“The NMA continues to exert leadership in the area of health policy and to advocate for pressing issues for all US citizens but particularly vulnerable populations with rampant health disparities,”
This year’s NMA Annual Health Policy Colloquium occurs at a pivotal time in this nation’s history. The United States Supreme Court will be hearing oral arguments on the Affordable Care Act during the Colloquium week, and the planned Colloquium agenda will feature sessions discussing topics relevant to this historic debate. Several high level and notable participants are expected to attend the weekend long conference which features presentations by numerous medical experts, policy makers and industry leaders. The Colloquium will include issues such as: Health Equity and Social Determinants of Health, The Affordable Care Act and its implementation, health disparities in various diseases/conditions, the need for increased minority participation in clinical trials, and other important issues that impact millions of lives.
“We are excited about the energy and commitment that our physician leaders from across the nation are bringing to the nation’s capital,” said Dr. Bright. “We will end the colloquium with visits to Capitol Hill and have scheduled meetings with elected officials as we directly advocate for the patients that we serve. Physicians will be clad in their white coats as we walk the halls of the capital as a reminder of our commitment to this sacred profession and the trust that our patients give us with their very lives.”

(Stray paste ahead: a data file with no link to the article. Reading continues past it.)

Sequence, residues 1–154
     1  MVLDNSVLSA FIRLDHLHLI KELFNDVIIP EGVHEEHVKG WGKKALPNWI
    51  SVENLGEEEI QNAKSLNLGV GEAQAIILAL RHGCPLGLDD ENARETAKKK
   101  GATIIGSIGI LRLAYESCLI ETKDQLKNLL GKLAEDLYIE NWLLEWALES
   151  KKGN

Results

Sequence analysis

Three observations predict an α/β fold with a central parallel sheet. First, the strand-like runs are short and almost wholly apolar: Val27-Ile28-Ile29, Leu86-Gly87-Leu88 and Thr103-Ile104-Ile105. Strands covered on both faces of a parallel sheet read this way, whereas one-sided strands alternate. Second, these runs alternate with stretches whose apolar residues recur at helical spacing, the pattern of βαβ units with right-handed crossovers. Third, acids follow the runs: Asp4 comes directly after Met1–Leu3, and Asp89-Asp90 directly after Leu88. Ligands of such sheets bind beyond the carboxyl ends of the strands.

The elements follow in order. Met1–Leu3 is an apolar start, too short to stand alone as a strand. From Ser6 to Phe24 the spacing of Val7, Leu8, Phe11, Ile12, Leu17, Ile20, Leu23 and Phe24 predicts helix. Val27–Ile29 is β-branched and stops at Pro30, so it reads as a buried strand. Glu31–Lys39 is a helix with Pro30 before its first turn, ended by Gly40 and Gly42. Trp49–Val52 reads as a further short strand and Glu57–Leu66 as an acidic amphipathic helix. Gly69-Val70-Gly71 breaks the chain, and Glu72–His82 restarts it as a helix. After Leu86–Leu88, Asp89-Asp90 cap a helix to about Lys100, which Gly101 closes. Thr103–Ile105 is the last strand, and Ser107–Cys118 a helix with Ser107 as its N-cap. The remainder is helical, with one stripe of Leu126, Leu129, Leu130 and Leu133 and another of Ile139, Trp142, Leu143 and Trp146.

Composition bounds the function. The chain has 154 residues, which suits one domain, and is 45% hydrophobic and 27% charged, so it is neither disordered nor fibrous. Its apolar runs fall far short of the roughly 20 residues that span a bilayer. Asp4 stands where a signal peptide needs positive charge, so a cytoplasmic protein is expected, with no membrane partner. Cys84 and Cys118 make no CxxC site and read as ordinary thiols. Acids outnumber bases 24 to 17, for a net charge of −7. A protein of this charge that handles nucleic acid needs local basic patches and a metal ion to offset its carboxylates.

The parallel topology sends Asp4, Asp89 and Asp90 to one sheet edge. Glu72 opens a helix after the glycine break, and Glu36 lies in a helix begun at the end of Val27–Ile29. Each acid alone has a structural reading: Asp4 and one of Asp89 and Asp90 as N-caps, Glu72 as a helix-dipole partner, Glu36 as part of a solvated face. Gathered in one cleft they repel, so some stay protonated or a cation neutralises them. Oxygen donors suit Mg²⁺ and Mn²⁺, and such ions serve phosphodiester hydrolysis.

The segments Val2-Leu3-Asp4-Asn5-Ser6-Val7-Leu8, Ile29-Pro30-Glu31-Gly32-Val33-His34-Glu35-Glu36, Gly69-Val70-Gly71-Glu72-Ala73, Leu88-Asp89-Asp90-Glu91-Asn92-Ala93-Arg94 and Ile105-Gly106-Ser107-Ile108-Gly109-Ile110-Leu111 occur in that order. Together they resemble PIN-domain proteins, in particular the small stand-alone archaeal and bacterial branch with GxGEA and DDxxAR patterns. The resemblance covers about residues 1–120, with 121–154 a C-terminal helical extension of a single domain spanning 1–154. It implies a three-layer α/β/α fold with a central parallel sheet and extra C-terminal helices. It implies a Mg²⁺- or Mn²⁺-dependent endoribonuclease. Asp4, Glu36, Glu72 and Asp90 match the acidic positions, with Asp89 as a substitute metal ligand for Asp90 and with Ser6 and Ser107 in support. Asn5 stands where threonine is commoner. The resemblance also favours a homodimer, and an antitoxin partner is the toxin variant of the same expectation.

This event is part of a strategic agenda of the NMA which continues to advance and advocate for the elimination of health disparities. The NMA will announce the launch of a major hepatitis C campaign during this year’s Colloquium. This major undertaking is a yearly focus of the NMA and is supported in part by organizations/
The NMA will continue to advocate for underserved patients and will maintain this dialogue during NMA’s Convention slated for July 28 through August 1, 2012 - New Orleans, Louisiana. The NMA hopes that other organizations will join them in their ongoing health initiatives which focus on minorities.
Founded in 1895, the National Medical Association is the nation’s oldest and largest medical association representing the interests of more than 50,000 African American physicians and their patients. The NMA repeatedly advocates for policies that would assure equitable and quality health care for all people. www.nmanet.org